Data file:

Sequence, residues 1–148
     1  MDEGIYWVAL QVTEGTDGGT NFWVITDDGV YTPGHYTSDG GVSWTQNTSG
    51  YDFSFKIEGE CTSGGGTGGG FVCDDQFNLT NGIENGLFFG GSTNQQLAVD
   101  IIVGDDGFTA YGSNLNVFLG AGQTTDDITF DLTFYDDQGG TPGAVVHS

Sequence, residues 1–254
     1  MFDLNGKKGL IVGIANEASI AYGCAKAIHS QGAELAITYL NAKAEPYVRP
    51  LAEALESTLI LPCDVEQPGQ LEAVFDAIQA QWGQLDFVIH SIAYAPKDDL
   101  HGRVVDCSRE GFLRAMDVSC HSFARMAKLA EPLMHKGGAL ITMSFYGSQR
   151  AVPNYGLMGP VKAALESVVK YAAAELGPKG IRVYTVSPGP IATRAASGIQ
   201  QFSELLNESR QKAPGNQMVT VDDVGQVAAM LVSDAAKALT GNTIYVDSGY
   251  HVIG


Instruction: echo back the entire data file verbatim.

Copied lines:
Sequence, residues 1–148
     1  MDEGIYWVAL QVTEGTDGGT NFWVITDDGV YTPGHYTSDG GVSWTQNTSG
    51  YDFSFKIEGE CTSGGGTGGG FVCDDQFNLT NGIENGLFFG GSTNQQLAVD
   101  IIVGDDGFTA YGSNLNVFLG AGQTTDDITF DLTFYDDQGG TPGAVVHS

Sequence, residues 1–254
     1  MFDLNGKKGL IVGIANEASI AYGCAKAIHS QGAELAITYL NAKAEPYVRP
    51  LAEALESTLI LPCDVEQPGQ LEAVFDAIQA QWGQLDFVIH SIAYAPKDDL
   101  HGRVVDCSRE GFLRAMDVSC HSFARMAKLA EPLMHKGGAL ITMSFYGSQR
   151  AVPNYGLMGP VKAALESVVK YAAAELGPKG IRVYTVSPGP IATRAASGIQ
   201  QFSELLNESR QKAPGNQMVT VDDVGQVAAM LVSDAAKALT GNTIYVDSGY
   251  HVIG